Anyone who doubts that quality opera can be any and all of the following — campy, raucous, sleazy, self-mocking, groovy, tacky, immoderate, compatible with beer and ice cream — should seize the opportunity to be proven wrong at Boston Opera Collaborative’s continuing run of Falstaff next weekend. All of these adjectives were applicable in the best possible way to the June 17 performance at Davis Square’s Somerville Theatre, a refurbished vaudeville house (and movie theater) whose colorful glitz provided the perfect backdrop to a ‘70s-retro evening that mixed impressive vocal color and agility with lots of nylon and hip gyrations.
On the subject of venue, I cannot fail to emphasize what a pleasure not only the décor but the acoustics were, after having experienced several previous BOC productions in the concrete bunker-like auditorium at MassArt. With few exceptions, every vocal line at Somerville Theatre projected clearly and cleanly. The BOC orchestra, led by music director Mischa Santora, realized the intricate score with guts and alacrity, providing a support that was satisfyingly rich and bass-weighted but never overwhelming. This was also due no doubt to the deep and narrow (and newly reopened) pit into which they gamely squeezed themselves, but many snippets of Verdi’s clever orchestration — a plaintive English horn solo during a love duet, satirical wedding march music for strings, pompous closing fanfares — fortunately escaped the confines.
BOC does not make life any easier for itself by double-casting all the major roles, but Saturday night’s leads still inhabited their roles with confidence, skill, and style. Bearing the brunt of comic and philosophical responsibility was baritone Dongkyu Oh as the title character, who, pitted against the derision and subversion of the entire rest of the cast, acquitted himself marvelously. Oh’s powerful vocal depth provided the necessary counter to his over-the-top stage antics (eyebrows, tongue, and hips working tirelessly), giving him the larger-than-life persona necessary to reveal Falstaff’s true nature — not merely a clown but an unapologetic embodiment of social vice. In this light, one can see the ensemble’s mob-ish attack on Falstaff as a reaction to the fear of their own unsavory sides, and I for one enjoy the sort of self-effacing philosophy of the ridiculous expressed by Falstaff’s famous closing line, “All the world’s a joke, man is born a joker, and he who laughs last, laughs best.”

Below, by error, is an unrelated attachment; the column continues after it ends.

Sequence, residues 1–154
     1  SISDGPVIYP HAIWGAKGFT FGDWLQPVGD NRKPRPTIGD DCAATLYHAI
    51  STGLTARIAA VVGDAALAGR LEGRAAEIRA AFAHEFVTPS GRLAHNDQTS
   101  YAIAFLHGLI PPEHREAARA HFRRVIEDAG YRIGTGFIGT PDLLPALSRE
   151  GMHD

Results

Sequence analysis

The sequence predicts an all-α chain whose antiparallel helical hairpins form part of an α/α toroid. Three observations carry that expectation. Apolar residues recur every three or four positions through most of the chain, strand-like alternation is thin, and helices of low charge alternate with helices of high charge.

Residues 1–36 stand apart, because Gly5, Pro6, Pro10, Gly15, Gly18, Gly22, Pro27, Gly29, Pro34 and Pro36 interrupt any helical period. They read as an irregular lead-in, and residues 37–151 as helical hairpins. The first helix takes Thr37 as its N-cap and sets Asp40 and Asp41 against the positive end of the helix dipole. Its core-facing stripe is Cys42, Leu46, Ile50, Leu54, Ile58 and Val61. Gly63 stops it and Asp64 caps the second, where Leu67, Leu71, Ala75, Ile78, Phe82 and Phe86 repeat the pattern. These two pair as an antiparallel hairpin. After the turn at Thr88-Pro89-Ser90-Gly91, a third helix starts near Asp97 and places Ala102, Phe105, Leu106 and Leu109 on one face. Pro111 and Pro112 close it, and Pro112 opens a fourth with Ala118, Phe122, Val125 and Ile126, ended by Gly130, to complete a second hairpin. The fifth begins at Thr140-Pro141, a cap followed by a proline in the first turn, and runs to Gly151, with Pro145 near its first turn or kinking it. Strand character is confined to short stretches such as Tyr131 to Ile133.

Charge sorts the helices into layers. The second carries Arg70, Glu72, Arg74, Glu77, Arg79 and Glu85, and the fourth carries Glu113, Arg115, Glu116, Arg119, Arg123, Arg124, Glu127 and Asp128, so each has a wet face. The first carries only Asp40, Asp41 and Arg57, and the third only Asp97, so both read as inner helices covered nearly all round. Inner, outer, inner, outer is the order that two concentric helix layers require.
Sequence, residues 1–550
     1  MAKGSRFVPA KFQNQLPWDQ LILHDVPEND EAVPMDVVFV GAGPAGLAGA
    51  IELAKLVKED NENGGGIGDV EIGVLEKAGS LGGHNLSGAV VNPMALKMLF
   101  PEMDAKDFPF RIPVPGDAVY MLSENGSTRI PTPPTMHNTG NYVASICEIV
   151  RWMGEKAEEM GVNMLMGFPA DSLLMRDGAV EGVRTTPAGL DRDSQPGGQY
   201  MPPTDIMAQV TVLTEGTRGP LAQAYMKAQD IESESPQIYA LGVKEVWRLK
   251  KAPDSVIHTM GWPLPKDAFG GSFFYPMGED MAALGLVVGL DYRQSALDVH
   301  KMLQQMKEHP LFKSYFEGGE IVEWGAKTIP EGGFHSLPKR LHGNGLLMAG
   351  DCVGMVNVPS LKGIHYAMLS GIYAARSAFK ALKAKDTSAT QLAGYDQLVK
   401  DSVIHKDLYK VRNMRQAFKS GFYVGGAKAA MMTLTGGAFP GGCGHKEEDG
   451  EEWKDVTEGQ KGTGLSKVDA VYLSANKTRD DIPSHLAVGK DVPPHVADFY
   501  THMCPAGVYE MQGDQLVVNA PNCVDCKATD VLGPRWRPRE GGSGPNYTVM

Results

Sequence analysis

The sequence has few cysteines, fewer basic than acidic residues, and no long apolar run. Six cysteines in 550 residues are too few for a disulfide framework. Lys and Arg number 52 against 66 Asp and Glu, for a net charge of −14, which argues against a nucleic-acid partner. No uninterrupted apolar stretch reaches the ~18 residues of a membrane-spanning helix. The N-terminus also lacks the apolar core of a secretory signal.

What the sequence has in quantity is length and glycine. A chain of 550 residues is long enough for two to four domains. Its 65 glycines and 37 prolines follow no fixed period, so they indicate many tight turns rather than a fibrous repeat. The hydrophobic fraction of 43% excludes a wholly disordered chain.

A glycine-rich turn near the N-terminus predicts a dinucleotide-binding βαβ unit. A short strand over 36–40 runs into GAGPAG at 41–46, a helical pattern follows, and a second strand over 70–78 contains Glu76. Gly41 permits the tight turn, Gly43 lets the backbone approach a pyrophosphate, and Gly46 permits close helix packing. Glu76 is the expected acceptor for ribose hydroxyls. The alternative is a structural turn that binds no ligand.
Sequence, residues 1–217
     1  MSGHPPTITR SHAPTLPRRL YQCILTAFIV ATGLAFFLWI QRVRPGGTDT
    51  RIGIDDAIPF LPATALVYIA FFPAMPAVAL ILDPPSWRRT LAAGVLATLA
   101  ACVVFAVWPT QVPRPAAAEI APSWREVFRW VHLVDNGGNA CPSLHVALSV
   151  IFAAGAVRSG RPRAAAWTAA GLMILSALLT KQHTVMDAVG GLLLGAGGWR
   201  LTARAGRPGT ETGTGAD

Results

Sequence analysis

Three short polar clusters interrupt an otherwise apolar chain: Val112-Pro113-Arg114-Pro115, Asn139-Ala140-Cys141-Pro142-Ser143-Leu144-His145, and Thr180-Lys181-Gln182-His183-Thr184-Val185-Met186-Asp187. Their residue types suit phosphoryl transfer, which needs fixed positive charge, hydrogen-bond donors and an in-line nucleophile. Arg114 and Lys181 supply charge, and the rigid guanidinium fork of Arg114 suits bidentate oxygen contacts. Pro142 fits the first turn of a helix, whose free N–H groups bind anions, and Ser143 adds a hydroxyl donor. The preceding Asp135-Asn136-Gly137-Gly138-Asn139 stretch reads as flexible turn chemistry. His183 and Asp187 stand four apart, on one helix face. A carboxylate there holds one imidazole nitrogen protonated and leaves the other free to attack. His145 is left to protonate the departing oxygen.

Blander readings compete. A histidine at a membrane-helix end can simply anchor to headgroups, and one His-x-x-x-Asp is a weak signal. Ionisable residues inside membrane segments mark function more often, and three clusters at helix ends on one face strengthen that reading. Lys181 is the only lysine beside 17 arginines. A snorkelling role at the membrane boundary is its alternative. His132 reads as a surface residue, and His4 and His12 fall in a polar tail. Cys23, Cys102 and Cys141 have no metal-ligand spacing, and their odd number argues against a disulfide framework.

Among the other men, Fred C. VanNess, Jr. provided an imposing presence as Dr. Caius, and Nicholas Hebert and Brandon Milardo supported each other nicely as Falstaff’s double-crossing cronies. Seth Grondin as Ford was fighting a losing charisma battle with Oh but still managed to convey a good helping of jealous teeth-gnashing, connivance, and sympathetic frustration. Mario Arévalo and Emily Burr had perhaps the hardest job to pull off in maintaining chemistry throughout the lengthy love-duet spoofs of vacuous young lovers Fenton and Nannetta; however what they lacked in sexiness they made up for with sweet, perfectly timed choreographic details.
Sara Oettinger and Renée Hites were solid as Alice Ford and Meg Page, respectively, but the real scene-stealer in the quartet of women was Desiree Maira as Mistress Quickly, sporting impressively evocative gum chewing and eye rolling. It was a constant struggle to decide whose facial expressions to watch in her scenes with Oh. The women’s opening scene also suffered from the only truly unfortunate aspect of the production, lengthy and silent scene changes that appeared once in each act. I couldn’t help but wonder if even a brief orchestral reprise could have prevented the total loss of momentum between the first two scenes, the women struggling to pick up the action again with a light, rapid patter that didn’t quite match the lusty flamboyance of Falstaff et al. in the first scene.
Energy was abundant, however, in all of the ensemble numbers, and Heidi Lauren Duke justly deserves the dual credits of director and choreographer. Cleverness of movement pervaded all levels of the performance, from ostentatious disco to a simple turn of hand or head. The high level of choreography also demands another nod to Santora and the orchestra; a budget operation like BOC is lucky to have such quality. Santora guided singers, musicians, and dancers through the hairpin turns of the score with grace; even the occasional messy bits seemed enjoyably chaotic rather than uncomfortably dangerous. The high-spirited wackiness of the final ensemble number also saved the third act from succumbing to the flimsiness of the plot (forced marriages being one Shakespearean plot staple that might be simply incapable of smooth transplantation).
For those who enjoy busting the limits of operatic propriety and want both musical excellence and entertainment at the theater, Falstaff will continue to deliver next Friday through Sunday.